Cougs mining Lone Star state again for 2006

IF YOU THOUGHT Washington State's recent recruiting foray into Texas was an aberration, think again. As attention now turns to building the 2006 class, WSU is making another strong push in the Lone Star State. The Cougars already have made scholarship offers to at least two Texas juniors. One of them, linebacker Anthony Lewis, is the most intense football player his prep coach has ever seen and the other, receiver Jeremy Brent, is a game breaker with uncommon height and a very high ceiling.

Both are from Haltom City, a suburb in the Dallas-Fort Worth Metroplex, and play for the Buffaloes of Haltom High.

Lewis is a 6-2 1/2, 220-pounder with a great motor, tremendous hitting ability and a 4.6 speed in the 40. Last year was his first playing defense. Brent is a 6-5, 200 pound multi-dimensional athlete who has played just one season of football period.

Besides the Cougars, Lewis has already received offers from many of the usual suspects who hunt among the Texas preps: Oklahoma, Texas A&M, Oklahoma State, Missouri, Arizona and New Mexico. Plus, Purdue and Wisconsin have both offered.

Brent has offers in hand from WSU, Oklahoma State, Missouri and Houston, with Wisconsin, New Mexico and others expected to join in any day now. Brent said it's way too early in the process to talk about favorites because he hasn't talked with anyone yet, he says, but knows academics will be a key factor in where he ends up.

LEWIS ALSO SAYS HE has no favorite right now, and notes that geography won't steer him one way or another. He told that his criteria for choosing a school is focused primarily on three things: a program with a reputation for playing solid defense, a program that possesses a strong family environment and one that graduates its players.

"A school that has a highly ranked graduating class is important....and then basically a place where they're going to take care of you," said Lewis.

Haltom High hasn't had a lot of wins over the past four years but head man Kenny Perry said the combination of word of mouth and video tape has created a big-time buzz surrounding Lewis. A first team all-district selection his first year at linebacker, Lewis had 110 tackles, 5 sacks, 3 forced fumbles and 2 INTs this past season.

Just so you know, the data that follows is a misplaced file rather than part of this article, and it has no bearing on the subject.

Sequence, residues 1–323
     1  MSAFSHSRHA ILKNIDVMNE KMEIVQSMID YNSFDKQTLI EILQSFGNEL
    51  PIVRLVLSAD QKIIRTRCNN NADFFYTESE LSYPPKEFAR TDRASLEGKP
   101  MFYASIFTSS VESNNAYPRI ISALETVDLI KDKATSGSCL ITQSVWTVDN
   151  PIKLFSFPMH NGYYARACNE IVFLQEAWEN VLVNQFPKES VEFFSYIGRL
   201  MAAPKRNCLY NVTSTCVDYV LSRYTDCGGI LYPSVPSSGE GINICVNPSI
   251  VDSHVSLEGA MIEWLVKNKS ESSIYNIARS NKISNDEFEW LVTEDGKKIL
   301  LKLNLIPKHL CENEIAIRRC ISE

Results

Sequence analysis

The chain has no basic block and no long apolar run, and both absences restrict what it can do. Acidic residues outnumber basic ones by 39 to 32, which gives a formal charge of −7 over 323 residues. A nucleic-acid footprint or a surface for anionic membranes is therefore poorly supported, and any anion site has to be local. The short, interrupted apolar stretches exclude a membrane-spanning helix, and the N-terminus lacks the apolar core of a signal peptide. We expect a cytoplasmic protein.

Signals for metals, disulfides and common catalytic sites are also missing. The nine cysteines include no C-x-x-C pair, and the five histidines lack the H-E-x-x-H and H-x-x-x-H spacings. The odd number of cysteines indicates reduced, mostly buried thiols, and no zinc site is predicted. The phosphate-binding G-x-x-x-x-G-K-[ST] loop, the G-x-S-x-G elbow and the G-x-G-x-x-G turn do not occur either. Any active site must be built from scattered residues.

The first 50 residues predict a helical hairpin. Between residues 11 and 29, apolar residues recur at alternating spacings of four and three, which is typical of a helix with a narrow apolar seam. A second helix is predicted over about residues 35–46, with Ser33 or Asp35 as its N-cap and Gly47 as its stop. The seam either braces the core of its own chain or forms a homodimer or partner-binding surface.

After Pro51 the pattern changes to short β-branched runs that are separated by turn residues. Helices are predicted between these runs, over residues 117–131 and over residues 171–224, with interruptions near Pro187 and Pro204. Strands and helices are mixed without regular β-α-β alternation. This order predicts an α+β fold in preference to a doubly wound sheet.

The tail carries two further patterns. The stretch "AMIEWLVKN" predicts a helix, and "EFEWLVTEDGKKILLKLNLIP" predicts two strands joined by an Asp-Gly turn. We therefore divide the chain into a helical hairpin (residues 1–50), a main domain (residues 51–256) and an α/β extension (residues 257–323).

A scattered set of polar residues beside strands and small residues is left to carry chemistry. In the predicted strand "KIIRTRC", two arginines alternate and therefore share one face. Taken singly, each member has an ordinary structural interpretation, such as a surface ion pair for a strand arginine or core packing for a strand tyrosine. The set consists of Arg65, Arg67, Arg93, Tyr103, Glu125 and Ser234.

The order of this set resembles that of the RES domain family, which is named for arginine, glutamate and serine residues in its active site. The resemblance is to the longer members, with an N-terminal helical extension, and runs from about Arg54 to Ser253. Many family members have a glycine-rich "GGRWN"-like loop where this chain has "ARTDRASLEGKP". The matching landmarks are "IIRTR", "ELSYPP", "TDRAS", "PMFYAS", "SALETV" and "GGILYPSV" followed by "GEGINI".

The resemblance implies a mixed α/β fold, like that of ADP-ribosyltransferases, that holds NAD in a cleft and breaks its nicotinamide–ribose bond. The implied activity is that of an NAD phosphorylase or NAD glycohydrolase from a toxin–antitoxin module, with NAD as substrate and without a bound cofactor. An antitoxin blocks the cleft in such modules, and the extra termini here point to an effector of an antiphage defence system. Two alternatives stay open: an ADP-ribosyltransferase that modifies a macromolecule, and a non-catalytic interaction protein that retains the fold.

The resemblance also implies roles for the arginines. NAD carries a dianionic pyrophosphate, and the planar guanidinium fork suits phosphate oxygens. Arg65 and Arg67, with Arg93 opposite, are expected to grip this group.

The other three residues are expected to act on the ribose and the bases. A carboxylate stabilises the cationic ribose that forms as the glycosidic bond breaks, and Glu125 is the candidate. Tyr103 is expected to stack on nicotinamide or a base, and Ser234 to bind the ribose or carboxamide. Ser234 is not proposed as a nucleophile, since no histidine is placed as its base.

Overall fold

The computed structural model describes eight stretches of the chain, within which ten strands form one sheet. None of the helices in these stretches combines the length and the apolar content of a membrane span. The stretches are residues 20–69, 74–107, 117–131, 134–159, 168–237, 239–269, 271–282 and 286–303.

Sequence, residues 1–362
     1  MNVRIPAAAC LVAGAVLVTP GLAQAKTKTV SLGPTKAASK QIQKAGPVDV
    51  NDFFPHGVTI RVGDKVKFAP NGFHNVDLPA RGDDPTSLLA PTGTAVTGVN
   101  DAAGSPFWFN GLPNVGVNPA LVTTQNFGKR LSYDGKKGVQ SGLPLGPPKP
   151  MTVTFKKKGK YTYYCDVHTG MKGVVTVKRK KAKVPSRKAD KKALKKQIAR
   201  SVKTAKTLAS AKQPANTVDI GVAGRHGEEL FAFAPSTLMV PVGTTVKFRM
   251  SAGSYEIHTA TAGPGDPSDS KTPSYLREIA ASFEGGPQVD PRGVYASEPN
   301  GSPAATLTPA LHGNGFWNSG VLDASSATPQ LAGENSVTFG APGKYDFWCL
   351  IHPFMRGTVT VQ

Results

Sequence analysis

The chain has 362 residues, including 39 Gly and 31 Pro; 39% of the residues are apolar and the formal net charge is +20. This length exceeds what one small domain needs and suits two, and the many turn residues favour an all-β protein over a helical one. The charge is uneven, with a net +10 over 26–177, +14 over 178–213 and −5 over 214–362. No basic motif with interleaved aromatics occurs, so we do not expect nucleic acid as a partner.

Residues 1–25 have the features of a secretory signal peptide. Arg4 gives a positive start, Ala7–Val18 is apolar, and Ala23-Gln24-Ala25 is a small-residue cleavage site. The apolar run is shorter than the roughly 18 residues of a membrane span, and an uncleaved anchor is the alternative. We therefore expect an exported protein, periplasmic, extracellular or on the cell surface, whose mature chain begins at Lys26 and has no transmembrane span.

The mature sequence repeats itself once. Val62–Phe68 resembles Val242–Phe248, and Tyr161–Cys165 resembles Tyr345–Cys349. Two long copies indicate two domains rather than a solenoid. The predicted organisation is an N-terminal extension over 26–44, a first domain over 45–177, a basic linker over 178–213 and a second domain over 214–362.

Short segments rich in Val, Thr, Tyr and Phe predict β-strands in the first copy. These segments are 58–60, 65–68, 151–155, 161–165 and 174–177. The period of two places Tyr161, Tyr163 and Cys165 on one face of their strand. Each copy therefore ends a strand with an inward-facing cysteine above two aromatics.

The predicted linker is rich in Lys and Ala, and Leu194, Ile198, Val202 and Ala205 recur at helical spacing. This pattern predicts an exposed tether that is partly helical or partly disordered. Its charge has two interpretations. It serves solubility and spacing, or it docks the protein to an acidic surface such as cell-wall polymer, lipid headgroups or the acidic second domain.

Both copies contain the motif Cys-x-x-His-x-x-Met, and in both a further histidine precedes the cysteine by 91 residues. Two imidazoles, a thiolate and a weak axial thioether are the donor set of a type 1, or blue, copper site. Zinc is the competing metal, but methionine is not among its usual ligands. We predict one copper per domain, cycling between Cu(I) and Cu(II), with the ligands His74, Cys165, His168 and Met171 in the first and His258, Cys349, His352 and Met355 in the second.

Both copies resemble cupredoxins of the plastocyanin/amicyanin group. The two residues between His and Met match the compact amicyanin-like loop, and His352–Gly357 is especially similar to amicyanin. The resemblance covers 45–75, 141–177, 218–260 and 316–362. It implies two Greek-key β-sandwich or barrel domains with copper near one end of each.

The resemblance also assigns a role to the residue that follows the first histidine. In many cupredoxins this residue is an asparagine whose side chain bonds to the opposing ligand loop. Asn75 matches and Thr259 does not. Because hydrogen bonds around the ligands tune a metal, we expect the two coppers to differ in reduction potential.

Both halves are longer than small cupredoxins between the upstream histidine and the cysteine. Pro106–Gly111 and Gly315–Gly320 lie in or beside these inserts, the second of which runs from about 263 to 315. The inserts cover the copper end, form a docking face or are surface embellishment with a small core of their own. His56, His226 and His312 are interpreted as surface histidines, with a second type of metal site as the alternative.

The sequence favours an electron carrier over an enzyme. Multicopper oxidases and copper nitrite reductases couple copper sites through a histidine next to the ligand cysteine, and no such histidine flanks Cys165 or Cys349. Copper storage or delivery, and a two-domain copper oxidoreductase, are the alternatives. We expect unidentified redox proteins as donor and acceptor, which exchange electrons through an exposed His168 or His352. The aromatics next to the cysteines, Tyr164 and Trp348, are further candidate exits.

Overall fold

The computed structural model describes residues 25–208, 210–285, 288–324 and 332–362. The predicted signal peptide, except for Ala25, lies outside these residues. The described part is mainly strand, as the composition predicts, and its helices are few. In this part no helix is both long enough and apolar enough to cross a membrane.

"When they (recruiters) saw his tape it just floored them," said Perry. "When you see this kid on film, it's just ridiculous. You're almost asking, 'Does he really do this all the time?' and the answer is: Yes, he does.

"He's the most intense football player I've ever been around," said Perry. "He plays like Ray Lewis, honestly. He looks to really hit someone every time the ball is snapped. He's a great football player who plays full speed on every play -- on special teams, everything." Perry also praises him as being "such a good kid" off the field as well.

As far as his work ethic, Perry said Lewis is "phenomenal." He's not playing basketball this season, instead having joined the power lifting team in order to spend more time in the weight room getting ready for football. He's up to a 485-pound squat, 325-pound bench press, 265-pound power clean and a 515-pound dead lift.

"He'll get up early in the morning so he can get here and get some lifting in," said Perry. "And then he's on the power lifting team as well. And then he'll go and run track after that."

Academically, Lewis is in great shape, having already achieved a qualifying test score on the SAT.

BRENT TURNED OUT for football last season for the first time since sixth grade. And the results were eye-popping. He chalked up nearly 1,200 receiving yards on 61 catches and scored 10 TDs. He earned first-team all-district honors.

And get this -- he didn't start and had very limited playing time the first three games while he learned the offense. Those stats basically came from eight games.

Also a basketball standout, Brent is averaging more than 20 points a game this season. But his skill with the roundball isn't what has college recruiters buzzing.

"I think I should go somewhere where academics are important," said Brent. "And I'd like to make sure I like the coaching staff, that they're people I'll be comfortable with over my career."

Brent is a unique case -- he enrolled into an accelerated district school program and is potentially a mid-term qualifier out of high school.

"He'll be able to come out in December," said Perry. "He can enroll at a university in January and participate in spring ball. (Recruiters are excited) about that, that he'll be able to go someplace at mid-term."

After getting his proverbial feet wet this past season, Brent is still learning the game and his position. "His best years are going to down the line," said Perry. "He didn't go through our spring ball either."

With the basketball season now in the home stretch, the wideout will begin his off season football workouts tomorrow (Wednesday).

"I'm going to be mostly working on getting stronger -- and also working on my stride," said Brent.

Perry has set up a comprehensive program, including having him run track for the first time, to help his playmaker do just that.

"He's never lifted," said Perry. "He's already got good legs -- great calves, big quads. And he's never really been taught how to run -- he can glide a little bit. In track, we're going to run him in the quarter and the hurdles and get his stride to where it needs to be, because Jeremy has good feet. The thing is, I really can't wait to see him next year.

"He's got great hands, and he can jump," said Perry. "And the other thing that he's got that most high school players don't have -- he's 6-foot-5."

Jeremy Brent profile
Anthony Lewis profile

Cougfan Top Stories